One of the challenges I face as a mother is instilling a strong work ethic in my children. We live in the suburbs. There is no need to change irrigation pipes each day. My vegetable garden has roofing material over it so the weeds are minimal and even at harvest time, rows don’t extend for seeming mile after mile. My other gardens are covered in mulch to also keep the weeds down. I have one producing fruit tree. Only one level of our house is finished and needs constant cleaning. At times I feel like all they will ever learn to do in life is pick up their bedrooms, fold laundry, play video games, watch television, and socialize with neighborhood children.

That morning, as I was lying in bed debating whether to go back to sleep or get up, drag my kids out of bed and rush them down to the church, a voice came to me and said something along the lines of, “I have given you a perfect opportunity for your children to serve and to learn the value of hard work. Are you really going to deny them that?” So I got up, got dressed, threw together some edible things and woke the children. We might have been a few minutes late, but we met up with the others and drove up to the camp site.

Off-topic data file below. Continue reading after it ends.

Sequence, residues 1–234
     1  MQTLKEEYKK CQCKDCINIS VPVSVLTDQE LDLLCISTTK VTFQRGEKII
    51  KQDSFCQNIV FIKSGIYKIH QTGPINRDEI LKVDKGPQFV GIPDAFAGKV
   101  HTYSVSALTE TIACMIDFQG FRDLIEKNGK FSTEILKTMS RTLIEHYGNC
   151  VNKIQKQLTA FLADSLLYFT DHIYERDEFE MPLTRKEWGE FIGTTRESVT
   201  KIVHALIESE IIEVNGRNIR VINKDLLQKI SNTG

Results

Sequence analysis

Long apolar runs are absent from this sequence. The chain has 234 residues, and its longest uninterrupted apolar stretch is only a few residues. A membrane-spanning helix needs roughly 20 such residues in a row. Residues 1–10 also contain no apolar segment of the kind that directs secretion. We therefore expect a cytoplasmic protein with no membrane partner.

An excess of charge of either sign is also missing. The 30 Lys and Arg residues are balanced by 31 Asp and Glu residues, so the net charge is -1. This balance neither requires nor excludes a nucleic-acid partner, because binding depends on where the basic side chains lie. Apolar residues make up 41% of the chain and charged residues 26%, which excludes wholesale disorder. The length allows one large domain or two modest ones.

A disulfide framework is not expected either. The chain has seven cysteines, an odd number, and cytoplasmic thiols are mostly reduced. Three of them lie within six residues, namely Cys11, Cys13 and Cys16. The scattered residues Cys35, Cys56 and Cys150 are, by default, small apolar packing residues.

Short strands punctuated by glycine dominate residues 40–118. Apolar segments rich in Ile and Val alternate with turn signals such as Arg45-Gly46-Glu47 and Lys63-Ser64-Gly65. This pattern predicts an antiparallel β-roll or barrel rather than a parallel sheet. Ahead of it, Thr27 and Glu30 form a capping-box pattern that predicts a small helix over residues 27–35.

Once there we spent the first part of the morning removing weeds from the amphitheater. The younger children became disenchanted rather quickly, but the oldest borrowed a shovel and worked the whole time taking down thistles and clumps of grass.  When we had finally finished, we headed up to our own group’s camp site and found the others cutting up deadfall and stacking it for firewood. We helped them for awhile and then, when it seemed there was little left to be done, I packed up my kids and started the journey back home. Little did we know that we wouldn’t reap the benefits of our labors this year. But the immediate blessing given through obedience was that I had a chance to spend the morning with my children doing something productive where we worked together. And, when we stopped at IHOP for breakfast on the way home, it was nice to sit and eat together with no one rushing to get to work or school or soccer practice or a friend’s birthday party. We were filthy and could have been mistaken for transients, but it was one of those moments where for a few minutes life slowed down enough that I could just enjoy it.